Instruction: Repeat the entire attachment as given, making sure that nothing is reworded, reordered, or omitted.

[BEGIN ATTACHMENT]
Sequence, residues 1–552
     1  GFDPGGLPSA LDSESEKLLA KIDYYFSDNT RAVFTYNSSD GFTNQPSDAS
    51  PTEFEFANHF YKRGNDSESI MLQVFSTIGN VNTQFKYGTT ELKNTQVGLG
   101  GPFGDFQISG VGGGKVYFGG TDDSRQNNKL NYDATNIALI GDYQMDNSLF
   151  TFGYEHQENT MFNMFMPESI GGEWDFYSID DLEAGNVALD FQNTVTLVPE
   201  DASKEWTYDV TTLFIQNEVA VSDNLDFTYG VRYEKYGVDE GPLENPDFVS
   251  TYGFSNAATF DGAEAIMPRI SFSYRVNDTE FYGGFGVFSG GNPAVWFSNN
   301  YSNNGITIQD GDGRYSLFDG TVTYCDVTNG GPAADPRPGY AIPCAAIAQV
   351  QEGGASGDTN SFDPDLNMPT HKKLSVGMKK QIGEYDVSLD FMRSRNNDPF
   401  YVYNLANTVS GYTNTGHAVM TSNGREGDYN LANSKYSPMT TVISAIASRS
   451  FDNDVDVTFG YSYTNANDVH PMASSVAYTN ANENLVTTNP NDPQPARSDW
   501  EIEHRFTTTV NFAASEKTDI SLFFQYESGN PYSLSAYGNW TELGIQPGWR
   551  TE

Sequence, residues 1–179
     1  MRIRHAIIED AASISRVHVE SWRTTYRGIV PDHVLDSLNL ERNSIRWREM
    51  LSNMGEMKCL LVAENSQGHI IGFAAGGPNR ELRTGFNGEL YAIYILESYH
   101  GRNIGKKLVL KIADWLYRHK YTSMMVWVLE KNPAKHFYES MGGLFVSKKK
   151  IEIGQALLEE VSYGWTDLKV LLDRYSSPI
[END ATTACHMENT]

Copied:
Sequence, residues 1–552
     1  GFDPGGLPSA LDSESEKLLA KIDYYFSDNT RAVFTYNSSD GFTNQPSDAS
    51  PTEFEFANHF YKRGNDSESI MLQVFSTIGN VNTQFKYGTT ELKNTQVGLG
   101  GPFGDFQISG VGGGKVYFGG TDDSRQNNKL NYDATNIALI GDYQMDNSLF
   151  TFGYEHQENT MFNMFMPESI GGEWDFYSID DLEAGNVALD FQNTVTLVPE
   201  DASKEWTYDV TTLFIQNEVA VSDNLDFTYG VRYEKYGVDE GPLENPDFVS
   251  TYGFSNAATF DGAEAIMPRI SFSYRVNDTE FYGGFGVFSG GNPAVWFSNN
   301  YSNNGITIQD GDGRYSLFDG TVTYCDVTNG GPAADPRPGY AIPCAAIAQV
   351  QEGGASGDTN SFDPDLNMPT HKKLSVGMKK QIGEYDVSLD FMRSRNNDPF
   401  YVYNLANTVS GYTNTGHAVM TSNGREGDYN LANSKYSPMT TVISAIASRS
   451  FDNDVDVTFG YSYTNANDVH PMASSVAYTN ANENLVTTNP NDPQPARSDW
   501  EIEHRFTTTV NFAASEKTDI SLFFQYESGN PYSLSAYGNW TELGIQPGWR
   551  TE

Sequence, residues 1–179
     1  MRIRHAIIED AASISRVHVE SWRTTYRGIV PDHVLDSLNL ERNSIRWREM
    51  LSNMGEMKCL LVAENSQGHI IGFAAGGPNR ELRTGFNGEL YAIYILESYH
   101  GRNIGKKLVL KIADWLYRHK YTSMMVWVLE KNPAKHFYES MGGLFVSKKK
   151  IEIGQALLEE VSYGWTDLKV LLDRYSSPI